Dr. Toppmeyer on the Utility of De-Escalation Trials in HER2+ Breast Cancer

Partner | Cancer Centers | <b>RWJBarnabas Health and Rutgers Cancer Institute of New Jersey</b>

Deborah L. Toppmeyer, MD, discusses the utility of clinical trials evaluating de-escalated treatment approaches in HER2-positive breast cancer.

Deborah L. Toppmeyer, MD, Chief Medical Officer and Director of the Stacy Goldstein Breast Cancer Center at Rutgers Cancer Institute of New Jersey, professor of medicine at Robert Wood Johnson Medical School, attending, Robert Wood Johnson University Hospital, discusses the utility of clinical trials evaluating de-escalated treatment approaches in HER2-positive breast cancer.

HER2-positive breast cancer patients respond well to HER2-directed therapies and chemotherapies, Toppmeyer explains. This brought about the question of whether it is possible to de-escalate therapy for patients. Moreover, findings from the phase 2 APT trial (NCT00542451) demonstrated an outstanding 7-year disease-free survival rate with adjuvant paclitaxel and trastuzumab (Herceptin), Toppmeyer expands.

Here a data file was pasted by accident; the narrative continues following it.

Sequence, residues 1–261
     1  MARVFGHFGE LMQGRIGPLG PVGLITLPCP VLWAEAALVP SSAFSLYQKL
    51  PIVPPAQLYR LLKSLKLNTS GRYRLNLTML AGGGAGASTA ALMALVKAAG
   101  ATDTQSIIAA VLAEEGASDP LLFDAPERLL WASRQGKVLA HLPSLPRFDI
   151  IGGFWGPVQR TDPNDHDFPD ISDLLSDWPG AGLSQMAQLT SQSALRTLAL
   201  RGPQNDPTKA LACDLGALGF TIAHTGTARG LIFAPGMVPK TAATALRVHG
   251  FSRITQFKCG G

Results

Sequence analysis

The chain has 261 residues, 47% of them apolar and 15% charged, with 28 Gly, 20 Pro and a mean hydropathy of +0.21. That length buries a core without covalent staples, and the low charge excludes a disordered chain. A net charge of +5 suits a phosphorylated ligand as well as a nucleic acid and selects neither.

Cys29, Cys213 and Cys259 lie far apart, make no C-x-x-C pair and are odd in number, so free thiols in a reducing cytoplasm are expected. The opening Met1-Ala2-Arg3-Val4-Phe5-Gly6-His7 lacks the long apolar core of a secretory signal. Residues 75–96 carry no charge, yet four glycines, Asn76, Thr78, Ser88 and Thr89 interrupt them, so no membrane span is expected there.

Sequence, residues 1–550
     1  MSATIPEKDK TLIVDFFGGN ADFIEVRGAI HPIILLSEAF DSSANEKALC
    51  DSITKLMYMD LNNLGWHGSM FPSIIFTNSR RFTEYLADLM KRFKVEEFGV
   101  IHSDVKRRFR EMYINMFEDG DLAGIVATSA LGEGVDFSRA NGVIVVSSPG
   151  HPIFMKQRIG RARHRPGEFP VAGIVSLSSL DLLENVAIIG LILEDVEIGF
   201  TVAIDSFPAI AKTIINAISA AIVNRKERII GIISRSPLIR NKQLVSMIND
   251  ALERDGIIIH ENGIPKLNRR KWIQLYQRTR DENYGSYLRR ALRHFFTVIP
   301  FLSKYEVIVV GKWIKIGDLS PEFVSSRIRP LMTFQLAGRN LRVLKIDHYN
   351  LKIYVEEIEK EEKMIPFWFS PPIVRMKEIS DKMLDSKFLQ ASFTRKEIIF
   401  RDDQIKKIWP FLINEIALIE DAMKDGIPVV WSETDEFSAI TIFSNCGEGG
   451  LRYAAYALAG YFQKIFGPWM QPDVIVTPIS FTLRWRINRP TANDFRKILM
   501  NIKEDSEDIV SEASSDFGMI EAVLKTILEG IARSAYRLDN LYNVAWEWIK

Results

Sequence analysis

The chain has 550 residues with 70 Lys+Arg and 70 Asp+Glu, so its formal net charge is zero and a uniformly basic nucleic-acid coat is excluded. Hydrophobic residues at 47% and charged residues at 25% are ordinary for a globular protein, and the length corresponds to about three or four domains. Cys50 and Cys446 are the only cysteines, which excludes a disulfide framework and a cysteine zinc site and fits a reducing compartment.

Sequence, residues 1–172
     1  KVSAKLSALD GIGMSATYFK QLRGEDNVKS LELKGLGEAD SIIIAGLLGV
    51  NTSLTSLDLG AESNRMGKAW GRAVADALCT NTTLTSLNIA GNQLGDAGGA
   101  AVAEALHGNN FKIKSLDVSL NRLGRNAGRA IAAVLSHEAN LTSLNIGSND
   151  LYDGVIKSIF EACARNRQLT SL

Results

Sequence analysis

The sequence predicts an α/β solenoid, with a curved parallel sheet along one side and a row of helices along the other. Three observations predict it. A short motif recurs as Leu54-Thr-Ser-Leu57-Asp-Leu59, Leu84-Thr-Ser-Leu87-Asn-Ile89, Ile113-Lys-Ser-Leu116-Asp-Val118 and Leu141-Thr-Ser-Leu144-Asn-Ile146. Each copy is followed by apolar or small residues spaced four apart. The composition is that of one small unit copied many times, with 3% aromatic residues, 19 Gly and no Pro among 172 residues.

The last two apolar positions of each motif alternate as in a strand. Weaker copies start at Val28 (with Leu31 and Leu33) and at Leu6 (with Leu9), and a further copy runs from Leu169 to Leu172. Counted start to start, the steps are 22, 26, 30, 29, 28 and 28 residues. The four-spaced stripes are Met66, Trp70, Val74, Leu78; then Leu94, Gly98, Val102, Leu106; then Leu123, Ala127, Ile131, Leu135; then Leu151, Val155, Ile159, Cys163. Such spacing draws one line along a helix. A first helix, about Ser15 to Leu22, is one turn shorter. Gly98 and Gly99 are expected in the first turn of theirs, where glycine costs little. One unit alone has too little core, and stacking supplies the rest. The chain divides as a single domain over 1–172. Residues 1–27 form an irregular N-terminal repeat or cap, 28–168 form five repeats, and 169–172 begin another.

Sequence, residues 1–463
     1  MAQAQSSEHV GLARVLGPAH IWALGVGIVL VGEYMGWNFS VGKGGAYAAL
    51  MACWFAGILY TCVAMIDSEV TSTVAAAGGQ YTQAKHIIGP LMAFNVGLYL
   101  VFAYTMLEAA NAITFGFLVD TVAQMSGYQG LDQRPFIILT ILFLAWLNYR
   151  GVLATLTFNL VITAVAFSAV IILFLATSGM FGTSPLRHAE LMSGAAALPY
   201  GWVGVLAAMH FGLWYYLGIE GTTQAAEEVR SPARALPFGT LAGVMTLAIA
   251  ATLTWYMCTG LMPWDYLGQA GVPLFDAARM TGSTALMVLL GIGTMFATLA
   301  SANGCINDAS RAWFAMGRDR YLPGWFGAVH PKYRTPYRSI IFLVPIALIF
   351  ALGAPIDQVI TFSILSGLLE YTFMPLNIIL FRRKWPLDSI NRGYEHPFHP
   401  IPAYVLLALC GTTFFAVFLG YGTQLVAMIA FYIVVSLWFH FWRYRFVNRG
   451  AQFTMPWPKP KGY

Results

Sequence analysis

These data led to the design of the ongoing phase 2 CompassHER2-pCR trial (NCT04266249), which is looking at dual targeted therapies utilizing trastuzumab and pertuzumab (Perjeta) with single-agent paclitaxel or docetaxel in patients with higher-risk disease, Toppmeyer continues. The study will be critically important because the data will inform whether patients can receive de-escalated chemotherapy, Toppmeyer concludes.